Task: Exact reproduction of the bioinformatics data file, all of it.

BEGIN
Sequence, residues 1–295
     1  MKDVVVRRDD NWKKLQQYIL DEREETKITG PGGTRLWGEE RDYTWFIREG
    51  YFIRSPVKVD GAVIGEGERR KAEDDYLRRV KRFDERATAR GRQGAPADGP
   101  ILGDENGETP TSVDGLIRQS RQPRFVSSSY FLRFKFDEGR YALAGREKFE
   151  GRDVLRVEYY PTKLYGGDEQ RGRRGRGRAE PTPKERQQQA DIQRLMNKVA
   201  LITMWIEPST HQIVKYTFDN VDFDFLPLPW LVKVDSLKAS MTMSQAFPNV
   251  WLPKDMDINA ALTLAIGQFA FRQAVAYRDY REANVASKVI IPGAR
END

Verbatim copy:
Sequence, residues 1–295
     1  MKDVVVRRDD NWKKLQQYIL DEREETKITG PGGTRLWGEE RDYTWFIREG
    51  YFIRSPVKVD GAVIGEGERR KAEDDYLRRV KRFDERATAR GRQGAPADGP
   101  ILGDENGETP TSVDGLIRQS RQPRFVSSSY FLRFKFDEGR YALAGREKFE
   151  GRDVLRVEYY PTKLYGGDEQ RGRRGRGRAE PTPKERQQQA DIQRLMNKVA
   201  LITMWIEPST HQIVKYTFDN VDFDFLPLPW LVKVDSLKAS MTMSQAFPNV
   251  WLPKDMDINA ALTLAIGQFA FRQAVAYRDY REANVASKVI IPGAR